But in 1970 GM was still a near-impenetrable juggernaut, the 800-pound gorilla of U.S. motordom, and so the Caprice and Impala were extremely popular.
First appearing in 1965 as a four-door hardtop only, as a super-deluxe appendix to the popular Impala line, the Caprice became its own model in 1966, adding station wagons to the mix. By 1970, it was an integral part in the full-size Chevrolet line, available as two-door and four-door hardtops, as well as the wood-sided Kingswood Estate station wagon, available in two- and three-seat models.
The 1970 Caprice Sport Sedan retailed at $3527 ($27,912 today) before options. Curb weight was 3905 pounds. At the time, Chevrolet didn’t break out models by trim level and body style, but from what I could glean from my automotive library, 92,000 Caprice V-8s were built for 1970, in all body styles.
Most expensive Caprice that year was the three-seat Kingswood Estate, at $3866 ($30,594). There was no convertible that year; if you wanted to go topless in 1970 you had to settle for an Impala. A Caprice convertible would appear for 1973.
This Caprice, absolutely gorgeous in Misty Turquoise with matching turquoise brocade interior, was spied at the annual car show in Bishop Hill, Illinois, a tiny enclave with Swedish roots in Henry County, Illinois. I attend every year, and it never disappoints. Today’s subject was my favorite car at the show this year.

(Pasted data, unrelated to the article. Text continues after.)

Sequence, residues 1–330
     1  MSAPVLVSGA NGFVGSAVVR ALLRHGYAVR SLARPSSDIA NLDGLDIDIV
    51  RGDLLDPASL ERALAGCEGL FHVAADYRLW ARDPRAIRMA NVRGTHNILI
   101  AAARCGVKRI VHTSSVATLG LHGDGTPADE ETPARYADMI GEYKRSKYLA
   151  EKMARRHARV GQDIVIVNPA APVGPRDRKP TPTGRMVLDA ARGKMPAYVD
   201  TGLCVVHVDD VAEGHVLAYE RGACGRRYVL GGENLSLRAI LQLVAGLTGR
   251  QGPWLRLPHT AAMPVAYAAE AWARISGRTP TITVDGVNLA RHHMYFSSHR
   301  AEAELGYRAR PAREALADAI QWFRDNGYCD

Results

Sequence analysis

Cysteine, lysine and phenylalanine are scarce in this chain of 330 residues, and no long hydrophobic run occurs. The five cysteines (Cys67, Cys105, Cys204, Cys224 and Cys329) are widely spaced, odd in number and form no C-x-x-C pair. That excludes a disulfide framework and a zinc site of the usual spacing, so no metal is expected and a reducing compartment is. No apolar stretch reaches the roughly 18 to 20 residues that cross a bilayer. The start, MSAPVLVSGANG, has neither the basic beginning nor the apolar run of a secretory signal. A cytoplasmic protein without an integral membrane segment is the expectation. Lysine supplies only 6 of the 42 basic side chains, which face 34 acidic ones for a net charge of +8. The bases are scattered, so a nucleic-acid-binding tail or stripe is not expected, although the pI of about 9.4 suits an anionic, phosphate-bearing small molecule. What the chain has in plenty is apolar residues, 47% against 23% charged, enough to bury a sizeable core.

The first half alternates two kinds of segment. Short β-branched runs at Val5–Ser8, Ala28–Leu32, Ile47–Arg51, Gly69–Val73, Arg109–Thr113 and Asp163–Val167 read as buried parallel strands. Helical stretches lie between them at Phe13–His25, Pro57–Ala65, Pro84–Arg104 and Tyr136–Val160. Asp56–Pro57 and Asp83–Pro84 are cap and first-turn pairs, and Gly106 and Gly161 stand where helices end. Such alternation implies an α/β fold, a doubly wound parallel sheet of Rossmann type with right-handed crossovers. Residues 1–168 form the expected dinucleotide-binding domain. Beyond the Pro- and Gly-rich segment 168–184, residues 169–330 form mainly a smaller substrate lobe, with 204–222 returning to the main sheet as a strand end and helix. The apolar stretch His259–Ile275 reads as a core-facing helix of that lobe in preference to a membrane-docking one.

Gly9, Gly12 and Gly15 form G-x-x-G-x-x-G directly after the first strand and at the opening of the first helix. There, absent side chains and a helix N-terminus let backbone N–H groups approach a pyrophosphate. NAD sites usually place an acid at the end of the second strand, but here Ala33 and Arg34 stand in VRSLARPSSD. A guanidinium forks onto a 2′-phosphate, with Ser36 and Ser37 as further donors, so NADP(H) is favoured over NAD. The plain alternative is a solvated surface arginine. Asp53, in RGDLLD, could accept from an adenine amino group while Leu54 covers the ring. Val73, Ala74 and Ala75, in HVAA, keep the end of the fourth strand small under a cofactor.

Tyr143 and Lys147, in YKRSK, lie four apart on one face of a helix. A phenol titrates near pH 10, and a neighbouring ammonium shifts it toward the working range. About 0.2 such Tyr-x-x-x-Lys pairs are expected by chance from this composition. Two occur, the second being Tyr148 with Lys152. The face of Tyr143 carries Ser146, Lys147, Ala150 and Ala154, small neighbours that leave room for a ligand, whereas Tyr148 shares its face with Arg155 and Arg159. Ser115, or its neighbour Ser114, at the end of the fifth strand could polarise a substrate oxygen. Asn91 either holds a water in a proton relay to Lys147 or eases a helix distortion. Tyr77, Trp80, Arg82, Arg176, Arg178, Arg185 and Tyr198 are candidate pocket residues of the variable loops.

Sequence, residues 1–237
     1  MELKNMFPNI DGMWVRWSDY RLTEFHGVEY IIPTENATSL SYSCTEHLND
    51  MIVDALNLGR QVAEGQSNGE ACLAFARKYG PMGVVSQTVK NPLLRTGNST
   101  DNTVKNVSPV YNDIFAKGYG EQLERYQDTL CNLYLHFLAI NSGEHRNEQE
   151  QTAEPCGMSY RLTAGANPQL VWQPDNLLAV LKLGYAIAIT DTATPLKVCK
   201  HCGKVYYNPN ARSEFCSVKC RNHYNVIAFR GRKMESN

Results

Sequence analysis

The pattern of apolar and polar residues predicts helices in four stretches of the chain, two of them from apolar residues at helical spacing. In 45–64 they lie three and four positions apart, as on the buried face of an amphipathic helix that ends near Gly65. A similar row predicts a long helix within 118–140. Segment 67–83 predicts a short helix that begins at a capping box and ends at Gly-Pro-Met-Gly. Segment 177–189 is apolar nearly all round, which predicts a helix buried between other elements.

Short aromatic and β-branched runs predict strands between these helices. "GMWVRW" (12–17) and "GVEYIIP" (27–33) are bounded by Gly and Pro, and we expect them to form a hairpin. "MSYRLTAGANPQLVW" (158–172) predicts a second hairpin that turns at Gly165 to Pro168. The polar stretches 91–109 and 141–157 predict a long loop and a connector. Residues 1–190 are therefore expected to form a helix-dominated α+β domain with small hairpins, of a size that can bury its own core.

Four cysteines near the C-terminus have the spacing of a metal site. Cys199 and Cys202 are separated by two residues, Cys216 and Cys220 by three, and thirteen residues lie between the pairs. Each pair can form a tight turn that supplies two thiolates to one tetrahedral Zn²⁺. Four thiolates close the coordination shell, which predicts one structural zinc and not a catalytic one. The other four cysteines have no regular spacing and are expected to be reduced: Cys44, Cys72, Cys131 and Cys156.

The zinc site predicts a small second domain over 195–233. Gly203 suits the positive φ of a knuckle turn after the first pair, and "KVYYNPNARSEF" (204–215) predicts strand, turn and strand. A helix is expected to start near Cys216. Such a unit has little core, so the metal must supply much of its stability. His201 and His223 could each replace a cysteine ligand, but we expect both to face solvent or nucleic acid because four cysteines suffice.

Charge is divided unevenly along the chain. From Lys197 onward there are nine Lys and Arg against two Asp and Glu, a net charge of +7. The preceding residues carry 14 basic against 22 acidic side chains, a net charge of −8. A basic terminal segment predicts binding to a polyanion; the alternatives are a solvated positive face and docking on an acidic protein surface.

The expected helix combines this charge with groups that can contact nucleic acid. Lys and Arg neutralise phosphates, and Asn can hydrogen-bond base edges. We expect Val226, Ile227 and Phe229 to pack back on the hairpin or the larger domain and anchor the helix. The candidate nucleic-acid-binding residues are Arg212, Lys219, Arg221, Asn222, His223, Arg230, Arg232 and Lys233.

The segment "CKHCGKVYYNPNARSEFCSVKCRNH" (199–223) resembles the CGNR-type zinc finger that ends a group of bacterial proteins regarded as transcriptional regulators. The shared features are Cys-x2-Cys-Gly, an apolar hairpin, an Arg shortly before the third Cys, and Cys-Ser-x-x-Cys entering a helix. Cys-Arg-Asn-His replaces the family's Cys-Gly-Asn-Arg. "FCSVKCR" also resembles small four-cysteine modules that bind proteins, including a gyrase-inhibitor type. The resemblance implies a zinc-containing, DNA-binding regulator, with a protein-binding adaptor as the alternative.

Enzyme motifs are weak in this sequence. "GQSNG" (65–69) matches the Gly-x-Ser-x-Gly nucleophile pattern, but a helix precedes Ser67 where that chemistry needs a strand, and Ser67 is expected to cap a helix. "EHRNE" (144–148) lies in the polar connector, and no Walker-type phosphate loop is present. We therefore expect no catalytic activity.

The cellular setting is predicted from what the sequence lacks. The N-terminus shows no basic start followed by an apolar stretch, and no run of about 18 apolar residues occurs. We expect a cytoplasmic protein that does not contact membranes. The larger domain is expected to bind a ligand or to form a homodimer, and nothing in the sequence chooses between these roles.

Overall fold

If you’ve read enough of my columns, you know that I love Detroit land yachts and I love turquoise. I was about three-quarters through my walkthrough of the show and had just taken pictures of a gorgeous 1971 Oldsmobile 442 convertible when I spied this off to my left. Zounds! After stopping for approximately 12 seconds to photograph the 1979 Seville parked next to it, I commenced drooling over this Caprice.
My favorite body style and my favorite model. So sharp. And although I would have preferred the color-keyed factory wheel discs and fender skirts, this remarkably well-preserved example was just as pretty with its Chevy Rally Wheels and whitewalls.
It also had the optional 265-horsepower Turbo-Fire 400-cubic-inch V-8, a step up from the base 250-hp, 350-cu-in V-8. All the better to motivate you while riding in turquoise brocade, cushioned comfort.
As the 1970 brochure stated, “Some people have professional interior consultants design their living area. Some people. You. All you need to do is choose the Caprice interior that strikes your fancy … everything is color and design coordinated. Seat shape and material, carpeting, wall and ceiling fabric, instrument panel form and function. Everything. Beautiful.”
Such a comfy car, in such beautiful colors! I loved it. Every bit of it. And I walked away feeling just a little bit sad that you can no longer get American cars like this. Caprices, LeSabres, Bonnevilles. They were such great cars: Chevrolet built 162,800 full-size cars in 1970. Today? Zero. But some still live on, even in this day and age. I salute them.